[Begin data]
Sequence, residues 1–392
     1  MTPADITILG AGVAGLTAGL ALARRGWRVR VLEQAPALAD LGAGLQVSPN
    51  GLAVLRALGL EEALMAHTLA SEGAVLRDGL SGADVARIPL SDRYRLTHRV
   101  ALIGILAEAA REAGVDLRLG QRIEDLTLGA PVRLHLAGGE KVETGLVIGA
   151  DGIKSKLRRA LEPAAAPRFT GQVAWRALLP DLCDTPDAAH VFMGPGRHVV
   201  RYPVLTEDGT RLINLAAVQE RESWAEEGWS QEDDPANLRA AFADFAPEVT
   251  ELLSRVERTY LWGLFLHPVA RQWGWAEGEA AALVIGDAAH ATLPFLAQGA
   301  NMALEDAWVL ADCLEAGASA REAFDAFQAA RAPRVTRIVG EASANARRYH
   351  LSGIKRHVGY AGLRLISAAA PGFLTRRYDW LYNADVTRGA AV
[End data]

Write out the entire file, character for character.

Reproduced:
Sequence, residues 1–392
     1  MTPADITILG AGVAGLTAGL ALARRGWRVR VLEQAPALAD LGAGLQVSPN
    51  GLAVLRALGL EEALMAHTLA SEGAVLRDGL SGADVARIPL SDRYRLTHRV
   101  ALIGILAEAA REAGVDLRLG QRIEDLTLGA PVRLHLAGGE KVETGLVIGA
   151  DGIKSKLRRA LEPAAAPRFT GQVAWRALLP DLCDTPDAAH VFMGPGRHVV
   201  RYPVLTEDGT RLINLAAVQE RESWAEEGWS QEDDPANLRA AFADFAPEVT
   251  ELLSRVERTY LWGLFLHPVA RQWGWAEGEA AALVIGDAAH ATLPFLAQGA
   301  NMALEDAWVL ADCLEAGASA REAFDAFQAA RAPRVTRIVG EASANARRYH
   351  LSGIKRHVGY AGLRLISAAA PGFLTRRYDW LYNADVTRGA AV